Choosing what to read

What do you like to read? I had a discussion on Twitter recently with @JYNovelist about novellas. I explained I didn’t tend to read them because I liked longer books in which I could immerse myself – but when I looked over my recent reading on Kindle I discovered that I’ve actually read quite a few recently. In my defence, they were a series, with the same main characters, so I could still get that immersive feeling.

I think I’m probably quite lazy as a reader. If I finish one book, I like to start on the next in the series since I’ve already gone to the bother of learning all the people and places. I can enjoy the story without trying to remember if Julia is the colleague or the sister, or work out what people mean when they refer to the heroine’s ‘work’. Yup, bone idle, that’s me. Although it does mean that once I’ve read up to date in that particular series I have to make a real effort to find something else I want to read, as I haven’t exercised my selection muscle for a while.

Naturally, I enjoy historical romance – but I don’t always feel comfortable reading it when I’m writing my own. If I were sounding ‘writerly’ I’d explain that’s because I want to retain my own voice, but to be honest it’s because I’m left depressed that my stuff isn’t half as good. So that’s a long list of authors who are out when I’m in the middle of a creative spurt.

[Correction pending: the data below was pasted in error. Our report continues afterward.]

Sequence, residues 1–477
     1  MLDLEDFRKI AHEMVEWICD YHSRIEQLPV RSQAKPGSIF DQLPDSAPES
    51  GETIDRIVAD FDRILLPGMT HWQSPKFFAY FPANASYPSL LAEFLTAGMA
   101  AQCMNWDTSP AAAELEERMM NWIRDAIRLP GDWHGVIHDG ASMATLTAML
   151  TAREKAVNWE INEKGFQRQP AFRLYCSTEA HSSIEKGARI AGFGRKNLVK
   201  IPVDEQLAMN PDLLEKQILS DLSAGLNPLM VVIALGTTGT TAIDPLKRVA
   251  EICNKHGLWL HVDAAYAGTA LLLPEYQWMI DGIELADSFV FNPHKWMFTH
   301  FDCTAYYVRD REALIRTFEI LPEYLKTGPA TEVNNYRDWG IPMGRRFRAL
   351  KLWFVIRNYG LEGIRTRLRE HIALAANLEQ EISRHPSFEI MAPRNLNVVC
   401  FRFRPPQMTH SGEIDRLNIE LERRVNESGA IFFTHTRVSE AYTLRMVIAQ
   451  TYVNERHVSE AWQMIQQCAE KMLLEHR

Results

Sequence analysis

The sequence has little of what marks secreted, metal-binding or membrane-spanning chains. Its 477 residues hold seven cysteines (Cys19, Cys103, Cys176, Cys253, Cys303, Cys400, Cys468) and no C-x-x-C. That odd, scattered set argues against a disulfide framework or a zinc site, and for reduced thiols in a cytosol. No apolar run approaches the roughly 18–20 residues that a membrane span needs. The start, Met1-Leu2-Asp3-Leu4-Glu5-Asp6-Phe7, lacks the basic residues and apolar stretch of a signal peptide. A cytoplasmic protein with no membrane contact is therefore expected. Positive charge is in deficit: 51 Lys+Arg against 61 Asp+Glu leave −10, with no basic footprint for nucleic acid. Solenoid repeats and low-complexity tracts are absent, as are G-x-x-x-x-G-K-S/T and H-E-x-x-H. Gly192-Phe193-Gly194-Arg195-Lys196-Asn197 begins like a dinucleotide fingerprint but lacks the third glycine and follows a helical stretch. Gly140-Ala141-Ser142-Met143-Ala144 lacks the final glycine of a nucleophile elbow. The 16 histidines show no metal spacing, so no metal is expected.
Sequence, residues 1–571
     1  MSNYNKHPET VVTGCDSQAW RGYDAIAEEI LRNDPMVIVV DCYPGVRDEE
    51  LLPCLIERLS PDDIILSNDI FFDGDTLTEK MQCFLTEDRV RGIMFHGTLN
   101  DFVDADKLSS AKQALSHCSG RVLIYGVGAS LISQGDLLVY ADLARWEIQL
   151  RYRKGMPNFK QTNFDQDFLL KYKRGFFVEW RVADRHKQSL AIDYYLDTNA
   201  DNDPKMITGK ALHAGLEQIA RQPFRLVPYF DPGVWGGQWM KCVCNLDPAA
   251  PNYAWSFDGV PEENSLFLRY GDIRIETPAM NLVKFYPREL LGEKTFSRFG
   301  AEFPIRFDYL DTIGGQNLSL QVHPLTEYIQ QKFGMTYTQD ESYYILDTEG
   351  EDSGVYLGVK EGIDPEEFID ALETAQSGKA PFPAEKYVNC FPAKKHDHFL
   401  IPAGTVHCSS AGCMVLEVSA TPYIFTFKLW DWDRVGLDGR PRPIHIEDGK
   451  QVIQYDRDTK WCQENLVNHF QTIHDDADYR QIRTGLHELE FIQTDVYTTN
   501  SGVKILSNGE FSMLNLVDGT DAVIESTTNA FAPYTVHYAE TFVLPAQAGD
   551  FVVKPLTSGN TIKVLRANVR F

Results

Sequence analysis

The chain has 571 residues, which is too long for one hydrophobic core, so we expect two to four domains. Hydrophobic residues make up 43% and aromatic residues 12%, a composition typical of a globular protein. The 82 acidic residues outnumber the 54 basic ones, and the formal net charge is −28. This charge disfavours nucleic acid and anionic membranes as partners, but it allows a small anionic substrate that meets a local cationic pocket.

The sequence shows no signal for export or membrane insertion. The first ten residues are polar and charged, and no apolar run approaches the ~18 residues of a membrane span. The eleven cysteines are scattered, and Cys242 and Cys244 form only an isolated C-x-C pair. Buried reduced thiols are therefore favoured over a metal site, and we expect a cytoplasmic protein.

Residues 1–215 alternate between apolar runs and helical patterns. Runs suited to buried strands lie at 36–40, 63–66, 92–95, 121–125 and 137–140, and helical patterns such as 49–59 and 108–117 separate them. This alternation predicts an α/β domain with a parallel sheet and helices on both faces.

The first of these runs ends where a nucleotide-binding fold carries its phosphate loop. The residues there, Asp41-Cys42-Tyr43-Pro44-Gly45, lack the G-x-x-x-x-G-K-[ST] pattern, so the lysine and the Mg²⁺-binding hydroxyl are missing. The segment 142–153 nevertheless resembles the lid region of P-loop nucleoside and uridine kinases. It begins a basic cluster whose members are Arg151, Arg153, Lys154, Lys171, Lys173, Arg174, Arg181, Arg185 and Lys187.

I’ve developed quite an enthusiasm for cozy crime instead; I don’t really care about solving the murder mystery, but I enjoy finding out about the main character’s family, friends and surroundings. Cozy crime seems especially popular in the USA, where you can find series based in a particular place, round a hobby or even a particular job. UK writers include M C Beaton (Hamish MacBeth and Agatha Raisin) and Lesley Cookman, whose Libby Serjeant mysteries are well-worth looking for. And with e-readers, it’s even easier to find them.

I still don’t read short stories though – I find them too frustrating, with their one tiny vignette on someone’s life.

What do you like to read – and why?

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One thought on “Choosing what to read

  1. annestenhouse

    Hi Allis, sun is struggling through here, but not hot enough to read in the garden. I read a lot of non-fiction. I just love to know when, where and how. I also read the book group books so have just read Alice Munro’s book about the Laidlaws of the Border country and their emigration to Canada. I do like that sort of thing, too. Oodles of cozy crime on hols. Well written children’s books are another favourite type. I read Dawn Knox’s Daffodil and the Thin Place on the train north on Friday. Truly excellent. Oh dear, is historical romance missing from this list? I do read it, but as you say, not much while creating it. anne stenhouse

    Reply

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